Pipi’s Pasture: A day for ironing
As I wrote in last week’s column, Monday was wash day at the ranch when I was a kid. Then nearly all of the laundered items were ironed on Tuesday.
In the summer, wet laundry was hung out on several lines out behind the house. It was hung out on sunny days in the winter, too, because it was believed that wet clothes “freeze dried.” I’m not sure that they ever dried at all, but I do remember taking frozen clothes into the house. Dad’s Levi pants and long underwear were stiff as boards.
No matter whether the clothes were dried outdoors or on a drying rack that folded up when not in use (and put in front of the stove in winter), next they were prepared for ironing. The sheets were put right back on the beds (they smelled luscious after hanging out in the sunshine) so they weren’t ironed, but the pillowcases were. So were clothes, tablecloths, dish towels and even Dad’s handkerchiefs.
Before ironing, the clothing was sprinkled with water, either by hand or by a sprinkler that fit into the top of a soda bottle. It was rolled up and placed in towels and let set overnight. It wasn’t left very much longer because the damp clothing was subject to mildew.
I learned to iron at an early age, taught by Mom who showed me how to iron a shirt collar first, then the sleeves, and so forth. I sat on a tall stool next to the ironing board and ironed with heavy irons that were heated on the stove.
We didn’t have electric irons in those days so we used irons with a flat bottoms and handles, all in one piece. When the irons had been heated on the cook stove, we used potholders to remove the irons from the stove and to iron. When an iron cooled off, we put it back on the stove to reheat and picked up another. Imagine ironing in this way.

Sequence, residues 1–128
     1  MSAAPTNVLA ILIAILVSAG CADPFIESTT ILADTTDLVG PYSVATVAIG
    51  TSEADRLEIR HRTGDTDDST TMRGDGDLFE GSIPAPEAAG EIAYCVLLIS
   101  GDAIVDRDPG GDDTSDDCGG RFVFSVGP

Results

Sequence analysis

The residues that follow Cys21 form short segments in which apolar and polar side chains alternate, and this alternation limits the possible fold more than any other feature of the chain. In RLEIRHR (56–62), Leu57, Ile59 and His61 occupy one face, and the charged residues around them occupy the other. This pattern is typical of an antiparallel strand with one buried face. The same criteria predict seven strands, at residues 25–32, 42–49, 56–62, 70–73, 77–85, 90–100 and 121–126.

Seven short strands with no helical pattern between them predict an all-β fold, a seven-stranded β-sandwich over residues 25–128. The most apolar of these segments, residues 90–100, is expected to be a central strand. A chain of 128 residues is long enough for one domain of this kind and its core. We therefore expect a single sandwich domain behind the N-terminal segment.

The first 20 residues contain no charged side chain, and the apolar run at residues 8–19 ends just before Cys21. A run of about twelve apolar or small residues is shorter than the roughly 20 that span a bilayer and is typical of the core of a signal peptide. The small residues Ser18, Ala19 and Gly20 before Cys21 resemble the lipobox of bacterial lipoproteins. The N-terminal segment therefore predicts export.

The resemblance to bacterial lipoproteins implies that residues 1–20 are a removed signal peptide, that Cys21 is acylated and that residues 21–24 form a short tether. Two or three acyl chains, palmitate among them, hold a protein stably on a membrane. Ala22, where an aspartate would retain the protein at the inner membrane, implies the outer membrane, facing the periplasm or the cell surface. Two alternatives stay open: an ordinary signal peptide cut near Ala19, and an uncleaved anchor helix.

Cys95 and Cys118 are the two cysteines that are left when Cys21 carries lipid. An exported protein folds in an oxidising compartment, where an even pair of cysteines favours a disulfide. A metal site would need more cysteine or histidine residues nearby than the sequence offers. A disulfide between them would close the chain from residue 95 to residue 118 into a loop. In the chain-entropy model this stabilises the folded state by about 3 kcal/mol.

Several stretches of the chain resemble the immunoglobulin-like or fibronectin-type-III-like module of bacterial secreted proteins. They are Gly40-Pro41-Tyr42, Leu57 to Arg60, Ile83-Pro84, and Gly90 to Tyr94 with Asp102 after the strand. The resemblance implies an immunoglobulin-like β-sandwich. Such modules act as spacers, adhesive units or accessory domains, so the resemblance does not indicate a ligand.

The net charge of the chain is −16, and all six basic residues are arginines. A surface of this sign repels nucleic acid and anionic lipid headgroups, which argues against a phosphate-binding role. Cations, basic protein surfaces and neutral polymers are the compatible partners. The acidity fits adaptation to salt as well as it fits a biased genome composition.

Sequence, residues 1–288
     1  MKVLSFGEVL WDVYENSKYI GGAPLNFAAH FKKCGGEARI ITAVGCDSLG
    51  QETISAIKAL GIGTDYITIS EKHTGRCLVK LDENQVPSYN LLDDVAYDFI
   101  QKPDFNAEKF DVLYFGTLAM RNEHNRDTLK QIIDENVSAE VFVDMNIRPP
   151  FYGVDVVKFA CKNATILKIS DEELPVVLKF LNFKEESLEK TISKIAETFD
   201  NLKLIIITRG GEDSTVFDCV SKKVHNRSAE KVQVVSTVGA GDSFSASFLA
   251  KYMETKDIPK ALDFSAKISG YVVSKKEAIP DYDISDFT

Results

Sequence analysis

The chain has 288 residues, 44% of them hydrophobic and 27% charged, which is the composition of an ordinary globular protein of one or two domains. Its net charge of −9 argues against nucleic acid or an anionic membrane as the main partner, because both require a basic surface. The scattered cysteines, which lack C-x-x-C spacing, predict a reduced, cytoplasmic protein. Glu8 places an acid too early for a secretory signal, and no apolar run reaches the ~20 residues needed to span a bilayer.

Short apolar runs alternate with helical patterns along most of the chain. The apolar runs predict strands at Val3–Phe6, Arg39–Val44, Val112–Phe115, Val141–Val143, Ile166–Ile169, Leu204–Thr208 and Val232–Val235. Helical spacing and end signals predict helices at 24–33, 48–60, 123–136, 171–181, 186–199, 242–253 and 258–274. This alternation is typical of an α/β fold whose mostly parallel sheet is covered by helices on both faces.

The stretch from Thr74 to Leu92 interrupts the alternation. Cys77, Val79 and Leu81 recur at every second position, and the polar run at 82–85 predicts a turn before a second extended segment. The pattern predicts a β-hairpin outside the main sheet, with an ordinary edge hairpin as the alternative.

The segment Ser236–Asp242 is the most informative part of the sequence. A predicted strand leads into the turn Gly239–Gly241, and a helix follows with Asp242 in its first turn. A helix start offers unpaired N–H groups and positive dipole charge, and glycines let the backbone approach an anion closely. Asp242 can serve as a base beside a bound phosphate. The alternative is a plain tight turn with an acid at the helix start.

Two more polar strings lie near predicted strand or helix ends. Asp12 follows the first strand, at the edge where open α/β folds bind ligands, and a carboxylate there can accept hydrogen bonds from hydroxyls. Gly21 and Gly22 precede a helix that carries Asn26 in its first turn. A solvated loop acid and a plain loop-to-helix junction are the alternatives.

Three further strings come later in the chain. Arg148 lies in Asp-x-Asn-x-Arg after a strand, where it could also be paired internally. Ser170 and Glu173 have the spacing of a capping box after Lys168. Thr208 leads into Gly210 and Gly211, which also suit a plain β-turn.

Later on we used a more “up town” iron. It was in two pieces, a flat bottom and a detachable handle. The flat part was heated on the stove and picked up with the handle. As with the first type of iron, extra bottom parts were kept hot on the stove. This iron didn’t require a potholder for handling.
In order for the irons to move easily over the clothing, we tried to keep their flat bottoms slick. We did this by rubbing the irons over waxed paper, mostly saved from papers used in wrapping bread in those days.
These days I don’t iron very much, especially if I take the clothes out of the dryer before they have a chance to wrinkle. No wonder there were days designated for just washing and ironing. It took a lot of time to do these chores, not to mention the work.
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